Contrast this with the media image in the late nineties and early aughts. They were perceived as a scary band of violent mystics with a mysterious, largely unseen leader operating on a logic totally alien to the West. Also compare it to ISIS, which had a social media presence more sophisticated than most global institutions but was largely focused on recruitment on the one hand and projecting fear on the other.
If you are under the age of 30 you may think things are normal. But to someone who has lived 3 decades or more you may notice something odd: we haven’t had a shift like we did in the past. Culture is frozen. Throughout the 20th century we had changes almost every decade. Changes in fashion, in music, in aesthetics, hairstyles, style of comedy, television shows and movies. It sort of felt like someone was directing society from the top down, dictating a big shift every 10 years to something new. A director.
He’s obviously not the only person to make this observation. Francis Fukuyama forecasted in his famous essay that the post-historical period would feature “neither art nor philosophy” and would be defined by the “perpetual caretaking of the museum of human history”.
The culprit which often gets the blame is the algorithm, which is said to have destroyed monoculture. It’s very hard to perceive significant changes in cultural trends when everyone’s experience is atomised and subject to personalised recommendations and a virtually unlimited access to any content on demand.
Sometimes my TikTok For You feed will let me drift out of my comfort zone and serve up a bunch of Zoomers who look like complete aliens to me, so maybe it’s overstated. But, as Lindy Man says: “Culture is no longer made. It is simply curated from existing culture, refined, and regurgitated back at us. The algorithms cut off the possibility of new discovery.”
This week’s links
I just read Subprime Attention Crisis by Tim Hwang (who is now Substack’s general counsel, in fact). Its thesis is that the online ad economy is facing a similar crisis as the financial system was in 2008 — driven by an overinflated system which is so opaque that the players don’t realise their assets have gone bad. Might write something longer about this next week.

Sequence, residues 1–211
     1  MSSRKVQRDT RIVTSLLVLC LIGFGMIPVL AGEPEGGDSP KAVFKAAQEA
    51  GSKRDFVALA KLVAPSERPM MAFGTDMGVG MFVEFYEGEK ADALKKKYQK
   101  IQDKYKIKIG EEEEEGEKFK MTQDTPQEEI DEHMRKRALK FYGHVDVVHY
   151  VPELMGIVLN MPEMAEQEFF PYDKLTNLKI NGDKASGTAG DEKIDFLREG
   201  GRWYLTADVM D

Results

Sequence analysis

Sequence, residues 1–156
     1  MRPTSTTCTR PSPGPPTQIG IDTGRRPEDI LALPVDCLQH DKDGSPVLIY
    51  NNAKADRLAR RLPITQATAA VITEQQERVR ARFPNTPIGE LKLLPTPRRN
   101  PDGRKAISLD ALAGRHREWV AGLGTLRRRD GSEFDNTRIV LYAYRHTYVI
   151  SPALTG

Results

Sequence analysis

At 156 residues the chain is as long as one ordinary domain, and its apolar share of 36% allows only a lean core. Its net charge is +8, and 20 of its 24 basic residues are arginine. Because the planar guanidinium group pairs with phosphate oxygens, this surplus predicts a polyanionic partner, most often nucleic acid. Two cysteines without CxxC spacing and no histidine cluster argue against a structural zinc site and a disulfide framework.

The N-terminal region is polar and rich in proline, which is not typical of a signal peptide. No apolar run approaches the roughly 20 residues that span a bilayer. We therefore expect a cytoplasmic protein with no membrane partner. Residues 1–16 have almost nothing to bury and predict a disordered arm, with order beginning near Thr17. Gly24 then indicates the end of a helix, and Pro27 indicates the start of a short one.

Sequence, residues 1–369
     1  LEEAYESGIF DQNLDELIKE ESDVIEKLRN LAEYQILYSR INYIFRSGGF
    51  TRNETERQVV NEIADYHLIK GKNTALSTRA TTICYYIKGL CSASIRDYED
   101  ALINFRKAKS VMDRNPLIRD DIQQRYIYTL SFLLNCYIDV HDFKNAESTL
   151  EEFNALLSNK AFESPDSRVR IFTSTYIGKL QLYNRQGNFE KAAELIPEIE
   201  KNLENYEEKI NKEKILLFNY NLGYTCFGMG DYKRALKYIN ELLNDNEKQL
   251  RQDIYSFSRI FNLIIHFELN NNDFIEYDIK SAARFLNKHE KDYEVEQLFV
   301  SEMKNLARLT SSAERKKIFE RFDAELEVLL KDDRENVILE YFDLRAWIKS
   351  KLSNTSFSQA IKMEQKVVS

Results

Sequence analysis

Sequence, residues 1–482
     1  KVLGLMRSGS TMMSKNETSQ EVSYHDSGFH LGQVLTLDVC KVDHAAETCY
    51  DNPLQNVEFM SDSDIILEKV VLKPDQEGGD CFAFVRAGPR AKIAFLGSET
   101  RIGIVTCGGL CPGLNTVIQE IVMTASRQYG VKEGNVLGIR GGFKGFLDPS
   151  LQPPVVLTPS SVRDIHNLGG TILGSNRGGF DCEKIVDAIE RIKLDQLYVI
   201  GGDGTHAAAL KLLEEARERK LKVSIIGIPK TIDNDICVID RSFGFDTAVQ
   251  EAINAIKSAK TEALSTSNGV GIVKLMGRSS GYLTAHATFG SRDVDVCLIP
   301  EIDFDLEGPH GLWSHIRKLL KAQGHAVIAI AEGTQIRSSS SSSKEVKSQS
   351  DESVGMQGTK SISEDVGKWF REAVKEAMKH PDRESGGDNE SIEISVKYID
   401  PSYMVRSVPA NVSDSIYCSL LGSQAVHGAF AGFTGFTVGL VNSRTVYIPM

This interesting piece posits that the creator economy is in crisis due to parallel problems it has with the gig economy — oversupply, volatility, insecurity etc. Byrne Hobart at The Diff has a countervailing view which I also find compelling:
But their situations don't cleanly map to one another. The point of the Uber/Lyft/Doordash/Instacart model is to make individual workers as interchangeable as possible, and to create a deep market for short-term work. But the point of the creator economy is almost exactly the opposite of that: a finance and technology newsletter doesn't compete with a podcast about sports or an indie comic book; there isn't a demand curve for "content" so much as a set of individual demand curves for individual creators' outputs.
I linked this story on the economics of OnlyFans a couple months ago but it’s worth revisiting given today’s news.
Here’s another perspective from last year on Exodus Cry, the anti-sex work group I mentioned.
An older piece in The Guardian about the “staggeringly profitable” world of scientific publishing, which four years later looks like it might be teetering a bit.
Brief bit in The Economist [$] which asks a question I’ve been wondering about: how do celebrities figure out how much they’re worth on Cameo?
Depressing read for you: “All work is fraudulent, and nobody cares”.
A three-parter in Wired on the cultural engine of Black Twitter.